Customers Motorcycle Gallery
We have been helping hundreds of customers now to fix, restore and rejuvenate their classic Yamaha café racers, vintage enduro bikes and other Yamaha models for several years. Many customers have left us fantastic reviews, other’s went one step further and shared with us the outcome of their hard work and the bikes that bear our parts. Thank you all!
Motorcycle Gallery of Jason - Yamaha RD200A
Jason is based in Seattle, USA and he has a passion for classic motorcycles since early teens.
Here is the story of his beloved 1974 Yamaha RD200A in his own words:
This was the first motorcycle I ever owned (I had ridden a few before, but this one was mine). I bought it in either 1991 or 1992 (memory is a bit fuzzy) when I lived in Minnesota. I rode it around for a few seasons and left it parked in a barn at my parents place when I moved to Seattle for graduate school in 1998. My younger brother asked if he could use it so I gave it to him and he towed it all the way from MN to Florida where he rode it for a season and then back to MN where it went back into the barn.
While visiting my parents some years later, I was poking around in the barn and saw it languishing. I had more experience with motorcycles at that point as when I moved to Seattle I became a year round rider (I couldn't afford a car, but a bike was within my budget and I loved it) and when I saw the little RD in the barn it made me sad to see decay starting to set in. In the spring of 2005, I found someone on craigslist with an empty truck driving my way and for $100 was able to have him deliver both the RD and a Yamaha XS400 that my younger brother gave to me. (pic 1 is as it arrived in Seattle)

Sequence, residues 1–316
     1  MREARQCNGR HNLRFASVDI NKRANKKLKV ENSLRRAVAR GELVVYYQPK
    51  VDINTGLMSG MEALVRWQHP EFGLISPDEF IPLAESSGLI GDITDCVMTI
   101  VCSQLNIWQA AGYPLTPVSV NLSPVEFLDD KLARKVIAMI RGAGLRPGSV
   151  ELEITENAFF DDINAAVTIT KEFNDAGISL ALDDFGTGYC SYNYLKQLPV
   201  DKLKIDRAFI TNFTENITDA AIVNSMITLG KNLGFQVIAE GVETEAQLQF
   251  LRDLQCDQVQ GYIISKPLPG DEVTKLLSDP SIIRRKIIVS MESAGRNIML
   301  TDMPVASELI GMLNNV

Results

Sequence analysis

The RD was completely disassembled
and put into milk crates to keep space available for other projects I was
working on (pic 2 - into milk crates).
In 2010, I finally had the bandwidth
to start putting it back together. I was originally going to powder coat the
frame and do more "restoration", but decided that she was still in
good enough shape that I wanted to treat her as a survivor and that I would
leave whatever patina of age didn't clean off (pic 3 - rebuilding). The
exception was the cylinders and carbs which did get paint (pic 4 -
carbs). It was a slow process and it
involved sourcing a number of things. I gave her new pistons and rings
(1st oversize), rebuilt the carbs, replaced bushings, fork seals, swapped out
the roller bearings for tapers at the head, replaced points and condensers, and
everything else I could to bring her back.
By the spring of 2012,
it was time to show her off again at local bike nights (pic 5 - spring
2012). She looked great, but kept fouling plugs on the right cylinder and
ended up parked again until just a few months ago when I pulled her back out to
dust her off and get her running again.
During the 2010 -2012 rebuild one of
the parts I sourced was a pair of intake boots from the air box to the
carbs. When a listing showed up on ebay I ordered (even though it was
twice as much as I wanted to pay). When the package arrived, I was
stunned to find out that it wasn't a pair, but the left side boot only.
At the time I couldn't find a right side boot anywhere so I ended up using some
self vulcanizing tape to wrap the age hardened and shrunken original intake
boot to the carb. I think this was partially disrupting airflow into the
carb at certain RPMs or something and causing the aforementioned plug fouling
on the right side. I was thrilled to find Sumo rubber when it came time
to get her on the road again this year and finally have a fresh right side boot
to match the left.
The final picture (pic 6 - back in action) is from the tail end of a 20 mile jaunt around town. Happy to report that both cylinders were making power the whole time .
Yamaha RD200 by Bruno
This 1975 model of Yamaha RD200 has been lovingly restored to its original form by Bruno from Belgium.
Bruno even gave us the honour and decorated his motorcycle with Sumo Rubber sticker.
As he said himself: "Happy Customer"